DENVER – Critics of America’s Middle East policies are reminiscent of Woody Allen’s quip in Annie Hall: “The food at this place is really terrible...and such small portions.” The United States is seen as the culprit behind many of the regions ills, and yet it is accused of not being sufficiently engaged, of “leading from behind,” of failing to support democracy, of abandoning its friends, and so on. Given all the accusations that the US faces for its involvement in the region over the decades, one would think that America would be invited to stay home.
But the region cries out for leadership, and the US remains the only country that can provide it. The problem for the US is not the divisions in the Middle East that it must understand and navigate better, but rather the divisions within the US that have eroded domestic consensus on many foreign-policy issues. Those internal differences are what have kept the US on the sidelines during the latest Middle East upheavals.
America used to have essentially two varieties of foreign-policy positions: realist and idealist. But today opinions are fragmented across a broad range of positions – a situation that also cries out for leadership.
President Barack Obama’s oft-stated view that “we need some nation building at home,” combined with his antiseptic waging of drone warfare, indicates that he is erring on the side of the isolationists of both the left and the right. Unilateralism, it seems, is fast becoming the isolationists’ internationalism.
What the US needs is to explain better to its own people why America should engage more deeply with the Middle East’s mounting problems. This is not to say that the US should necessarily engage with every problem. But, whether America is engaged or not, it does need a policy.
Syria is a case in point. The situation there, predicted by every pundit around, has metastasized and threatens to become a full-blown regional civil war. The US has reacted to this international catastrophe by providing light arms to some rebel groups in order to inflict a pinprick on President Bashar al-Assad’s regime for its use of chemical weapons months before.
This is not serious policy. Military assistance should support a political plan, not serve as a substitute for one.
A month ago, there was a brief moment of hope when US Secretary of State John Kerry began an effort to find a way forward with the Russians. The Kremlin’s consequential and sustained support of Assad is serious policy, and suggests that if the US is to make progress short of confrontation with Russia, it should work with Russian leaders to narrow the differences so that, at the end of the process, a peace conference is held.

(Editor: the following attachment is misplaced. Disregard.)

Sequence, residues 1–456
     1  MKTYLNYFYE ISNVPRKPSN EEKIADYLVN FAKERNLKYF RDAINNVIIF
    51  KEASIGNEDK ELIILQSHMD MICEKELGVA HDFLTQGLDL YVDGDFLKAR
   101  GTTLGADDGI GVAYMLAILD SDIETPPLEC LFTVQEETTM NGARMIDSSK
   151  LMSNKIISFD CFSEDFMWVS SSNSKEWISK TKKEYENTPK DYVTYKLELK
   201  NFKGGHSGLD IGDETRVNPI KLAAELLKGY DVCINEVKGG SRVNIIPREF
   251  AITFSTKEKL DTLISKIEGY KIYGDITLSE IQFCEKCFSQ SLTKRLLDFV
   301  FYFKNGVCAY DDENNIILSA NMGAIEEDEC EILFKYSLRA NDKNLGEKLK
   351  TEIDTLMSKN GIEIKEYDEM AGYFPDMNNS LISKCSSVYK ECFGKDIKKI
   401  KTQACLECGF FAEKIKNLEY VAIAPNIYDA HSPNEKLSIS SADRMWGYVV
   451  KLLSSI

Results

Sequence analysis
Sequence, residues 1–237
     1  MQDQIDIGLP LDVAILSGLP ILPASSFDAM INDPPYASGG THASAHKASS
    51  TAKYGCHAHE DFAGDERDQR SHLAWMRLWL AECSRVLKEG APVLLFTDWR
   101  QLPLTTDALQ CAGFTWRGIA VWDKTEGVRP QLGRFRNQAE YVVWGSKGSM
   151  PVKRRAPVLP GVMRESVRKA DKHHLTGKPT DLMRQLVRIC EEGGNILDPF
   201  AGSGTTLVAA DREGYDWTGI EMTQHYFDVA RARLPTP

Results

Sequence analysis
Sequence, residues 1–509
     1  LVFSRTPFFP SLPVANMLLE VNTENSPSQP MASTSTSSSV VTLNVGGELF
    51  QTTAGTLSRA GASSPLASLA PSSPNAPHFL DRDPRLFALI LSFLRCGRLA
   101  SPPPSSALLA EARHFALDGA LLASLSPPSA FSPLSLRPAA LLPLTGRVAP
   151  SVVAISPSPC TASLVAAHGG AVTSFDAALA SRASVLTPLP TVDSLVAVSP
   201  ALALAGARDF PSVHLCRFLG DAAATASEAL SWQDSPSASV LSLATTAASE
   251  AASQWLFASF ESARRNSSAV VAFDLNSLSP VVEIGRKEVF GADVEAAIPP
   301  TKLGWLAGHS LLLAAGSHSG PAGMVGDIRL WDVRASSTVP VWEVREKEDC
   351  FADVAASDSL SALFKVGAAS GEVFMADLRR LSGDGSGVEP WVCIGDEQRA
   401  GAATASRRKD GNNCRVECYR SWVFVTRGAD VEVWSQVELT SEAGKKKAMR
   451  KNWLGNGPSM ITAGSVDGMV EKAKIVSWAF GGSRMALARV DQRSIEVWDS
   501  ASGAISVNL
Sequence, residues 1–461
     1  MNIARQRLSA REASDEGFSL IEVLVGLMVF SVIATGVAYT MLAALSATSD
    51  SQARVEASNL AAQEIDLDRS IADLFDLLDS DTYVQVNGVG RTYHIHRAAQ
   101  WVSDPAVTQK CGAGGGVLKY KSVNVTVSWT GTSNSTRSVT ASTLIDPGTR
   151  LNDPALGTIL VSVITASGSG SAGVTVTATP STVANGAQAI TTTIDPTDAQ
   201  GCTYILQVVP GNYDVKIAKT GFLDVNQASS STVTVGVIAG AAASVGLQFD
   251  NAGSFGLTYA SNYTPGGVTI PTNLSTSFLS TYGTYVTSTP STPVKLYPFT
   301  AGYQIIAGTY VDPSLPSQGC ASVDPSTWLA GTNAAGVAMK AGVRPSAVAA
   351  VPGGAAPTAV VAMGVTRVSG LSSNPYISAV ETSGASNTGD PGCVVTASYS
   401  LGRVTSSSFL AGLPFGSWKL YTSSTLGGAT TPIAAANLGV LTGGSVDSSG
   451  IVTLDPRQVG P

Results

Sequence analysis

Indeed, successful US policy in the Middle East has usually included a serious Russian track. Instead, the talks with the Russians seem to have run aground on the question of calling a conference among the warring parties to agree on elections. But elections in sectarian conflicts tend to be merely a census, and the Assad regime and all the other players know full well that Syria is a Sunni-majority country. There is no need for an election to determine that.
What is not known is whether there is a set of future political arrangements on which the parties could agree. It is not known, because it has not been tried.
Meanwhile, the Obama administration has made no effort to explain what it is doing and why, engaging instead in public handwringing over the complexities of the problem. But building monuments to difficult problems is not a policy. As Churchill once wrote about the “Mulberry” harbors (his ingenious plan to install prefabricated floating piers a day after the Normandy landings), “the difficulties will argue for themselves.”
Obama’s explanation of a Syrian policy might look something like this: “Syria is a difficult problem that, left unchecked, could threaten US interests in the region. No side can prevail and win outright, so there must be a negotiated settlement on the political arrangements that follow the conflict. The US will work with partners in the region and internationally to assist the Syrians to find a way forward. Syrians need to understand what their country will look like in the future, so that all sides can see a solution that can be secured through negotiation rather than violence.”
He should then announce concrete action to achieve this goal: “Today, I have directed State Department teams under Secretary Kerry to visit key international capitals – in Europe and Arab League countries, as well as Moscow – in an effort to agree on a set of principles around which Syrians can find common ground.”
The first principle could be that Syria should continue to exist within its current borders. Another might be that Syria will be a federal state, with broad local autonomy. A third could concern the shape of a future parliament. And so forth.
When agreed, these principles could be announced as an international peace plan. Only when one or more parties to the conflict reject it has the moment arrived to consider a serious effort to arm some of the combatants.
In the end, a solution in Syria will depend on Syrians’ agreement on future political arrangements. But the US demand that Assad step down or be removed from power has not been helpful; indeed, it has marginalized the US more than it has Assad. No one can be expected to join negotiations aimed at his or her own political demise.
But all that is water under the bridge. There are those who say that the Syrian crisis could have been addressed two years ago, but that now is too late. Two years from now, some will say the same thing. But if the US can work with partners on the specifics of a future political plan, it can still rescue Syria, not to mention itself.